How to Save a Webpage as a PDF in Chrome, Edge, Safari and More

Everyone eventually comes across a webpage they need to save for sharing with teammates or doing offline research. You could just copy and paste the link, but sometimes it’s nice to have the page as an image you can view offline, mark up, or print. The most flexible solution to this problem is to create a PDF file you can view or send nearly anywhere.

Let’s go through the most popular browsers and take a look at how to save a webpage as a PDF, step-by-step.

For more conversions options, we can also help you convert them to JPG, convert to EPUB, and convert to .docx.

Desktop browsers

For most browsers, the Print function is the fastest and most effective way to save a webpage to PDF. We know it may appear logical to choose Save Page As… instead, but that option is for saving pages in a web format, not as a PDF, so avoid that option. Printing is where you need to go.


Step 1: Open the Settings menu by clicking the three-dot icon in the top right-hand corner and choose Print… This will bring up a printing window. Alternatively, press Ctrl + P.

Step 2: In the printing window, look for the heading Destination and choose Change. This will bring you to Select a Destination. Under the heading, Print Destinations, you should see an option to Save as PDF. Select it. That will load a preview of the pages and allow you to select pages, change the layout, and so on.

Step 3: Once you have made the changes that you need, select Save.

Microsoft Edge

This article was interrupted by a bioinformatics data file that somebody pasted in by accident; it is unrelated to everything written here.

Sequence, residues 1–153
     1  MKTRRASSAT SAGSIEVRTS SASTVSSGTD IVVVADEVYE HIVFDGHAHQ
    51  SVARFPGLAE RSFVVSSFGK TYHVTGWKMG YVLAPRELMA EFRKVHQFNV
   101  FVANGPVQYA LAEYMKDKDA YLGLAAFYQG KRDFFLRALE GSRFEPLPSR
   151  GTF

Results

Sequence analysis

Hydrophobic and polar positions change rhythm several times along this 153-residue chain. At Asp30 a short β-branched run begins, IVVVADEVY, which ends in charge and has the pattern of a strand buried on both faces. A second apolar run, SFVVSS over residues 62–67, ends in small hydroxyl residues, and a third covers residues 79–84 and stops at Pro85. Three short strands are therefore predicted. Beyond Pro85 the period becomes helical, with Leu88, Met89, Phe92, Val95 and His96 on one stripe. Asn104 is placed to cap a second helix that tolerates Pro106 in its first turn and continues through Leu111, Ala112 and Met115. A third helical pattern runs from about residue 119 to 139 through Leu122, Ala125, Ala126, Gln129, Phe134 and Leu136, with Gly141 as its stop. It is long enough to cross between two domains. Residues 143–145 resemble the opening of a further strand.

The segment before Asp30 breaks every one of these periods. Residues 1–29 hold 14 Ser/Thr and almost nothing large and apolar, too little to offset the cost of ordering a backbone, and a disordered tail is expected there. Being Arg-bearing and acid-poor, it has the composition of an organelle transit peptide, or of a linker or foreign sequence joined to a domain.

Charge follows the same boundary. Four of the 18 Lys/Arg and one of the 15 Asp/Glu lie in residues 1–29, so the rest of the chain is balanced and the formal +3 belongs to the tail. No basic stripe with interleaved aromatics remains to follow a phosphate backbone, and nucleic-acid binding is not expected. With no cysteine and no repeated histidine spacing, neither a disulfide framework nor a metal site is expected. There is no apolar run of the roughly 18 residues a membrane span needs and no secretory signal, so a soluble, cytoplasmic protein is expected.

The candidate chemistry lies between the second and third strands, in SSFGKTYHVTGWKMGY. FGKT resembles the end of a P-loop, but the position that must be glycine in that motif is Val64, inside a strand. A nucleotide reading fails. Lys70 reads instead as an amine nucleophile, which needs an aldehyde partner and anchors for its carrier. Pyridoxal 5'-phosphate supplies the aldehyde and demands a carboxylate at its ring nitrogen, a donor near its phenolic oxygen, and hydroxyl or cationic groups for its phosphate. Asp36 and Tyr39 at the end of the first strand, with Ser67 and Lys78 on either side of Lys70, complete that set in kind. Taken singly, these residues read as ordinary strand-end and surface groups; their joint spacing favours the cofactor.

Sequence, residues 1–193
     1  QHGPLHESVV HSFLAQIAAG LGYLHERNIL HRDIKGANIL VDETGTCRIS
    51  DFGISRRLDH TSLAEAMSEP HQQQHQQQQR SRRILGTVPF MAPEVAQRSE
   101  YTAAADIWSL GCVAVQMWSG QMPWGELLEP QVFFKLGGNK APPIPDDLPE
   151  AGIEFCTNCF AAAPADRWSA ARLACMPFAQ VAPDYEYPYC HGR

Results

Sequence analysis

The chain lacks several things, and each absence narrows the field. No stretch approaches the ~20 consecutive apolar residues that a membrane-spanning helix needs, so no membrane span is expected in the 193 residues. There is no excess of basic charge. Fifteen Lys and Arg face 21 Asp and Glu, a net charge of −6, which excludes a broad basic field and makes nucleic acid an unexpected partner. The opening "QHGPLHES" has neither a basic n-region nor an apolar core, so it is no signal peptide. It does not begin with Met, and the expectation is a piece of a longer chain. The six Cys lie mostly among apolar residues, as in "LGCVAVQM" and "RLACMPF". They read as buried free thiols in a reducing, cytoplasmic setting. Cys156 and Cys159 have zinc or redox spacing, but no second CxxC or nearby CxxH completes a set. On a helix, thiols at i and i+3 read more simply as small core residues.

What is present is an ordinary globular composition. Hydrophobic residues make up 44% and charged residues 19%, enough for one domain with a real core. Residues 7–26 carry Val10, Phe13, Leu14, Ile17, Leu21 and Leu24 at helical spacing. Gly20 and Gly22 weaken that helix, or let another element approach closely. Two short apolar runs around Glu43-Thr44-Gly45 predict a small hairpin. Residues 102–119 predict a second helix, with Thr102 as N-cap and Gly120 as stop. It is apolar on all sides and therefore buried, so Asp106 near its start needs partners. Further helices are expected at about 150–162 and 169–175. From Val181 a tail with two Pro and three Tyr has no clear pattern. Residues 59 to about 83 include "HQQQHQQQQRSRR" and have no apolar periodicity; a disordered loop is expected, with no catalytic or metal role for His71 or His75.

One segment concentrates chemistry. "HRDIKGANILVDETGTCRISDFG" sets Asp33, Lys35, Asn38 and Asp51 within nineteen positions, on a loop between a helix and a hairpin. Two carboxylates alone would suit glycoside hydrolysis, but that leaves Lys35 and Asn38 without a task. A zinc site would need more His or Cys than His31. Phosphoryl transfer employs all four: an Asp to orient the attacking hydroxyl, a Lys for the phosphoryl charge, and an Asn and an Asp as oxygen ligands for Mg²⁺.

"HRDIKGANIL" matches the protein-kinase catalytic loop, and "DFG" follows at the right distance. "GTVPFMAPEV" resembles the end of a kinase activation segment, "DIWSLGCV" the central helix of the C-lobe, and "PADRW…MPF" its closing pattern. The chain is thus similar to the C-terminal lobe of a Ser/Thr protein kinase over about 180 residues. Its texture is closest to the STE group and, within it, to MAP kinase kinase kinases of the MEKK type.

Step 1: First, either choose Print from the Settings menu by tapping on the ellipsis icon in the top-right corner of the browser, or press the Ctrl + P keys to open the Printer window.

Step 2: Select the drop-down menu under Printer where you choose your printing device. One of these options should be an alternative saying Microsoft Print to PDF. Select this option.

Step 3: Go through any other options you may want to change, including margins and scale. Then select Print. This will save all pages in the currently opened webpage. You can narrow down the pages using the Pages tab in the printer window. If you want to actually print the PDF after you are done saving it, there are a number of ways to do that as well.

Note: Microsoft Edge has a Windows 10-themed sidebar that pops open when you choose to print. Older browsers (like Internet Explorer) will use a more traditional printer window—and while it looks different, your options and steps should remain the same.


Print to PDF Safari

Safari automatically provides more options than Windows for saving PDFs in particular ways or locations—these extra options can help if you need to move PDFs around between friends or devices regularly.

Step 1: Start on the webpage you want to save. Head up to File and choose Print, or press Command + P to open the printer window.

Step 2: Go to the lower-left-hand corner of the window where it says PDF, and select this drop-down menu. Here you will see a number of options to save the PDF, save it into the cloud, save it as an instant message, open it in Preview before deciding to save, and so on. For a basic save, select Save as PDF… otherwise, choose the option that best fits your needs.

Step 3: Name your file and location, and select Save. You’re done! If you want to edit the PDF further, we suggest taking a look at some of best free PDF editors.


The latest versions of Firefox don’t have a built-in ability to print to PDF, but you can still do so using the Windows 10 Microsoft Print to PDF function.

Step 1: Press Ctrl + P to bring up the print menu.

Step 2: Select Microsoft Print to PDF from the printer options. Hit OK when ready.

Step 3: Choose a name and save location and hit the Save button.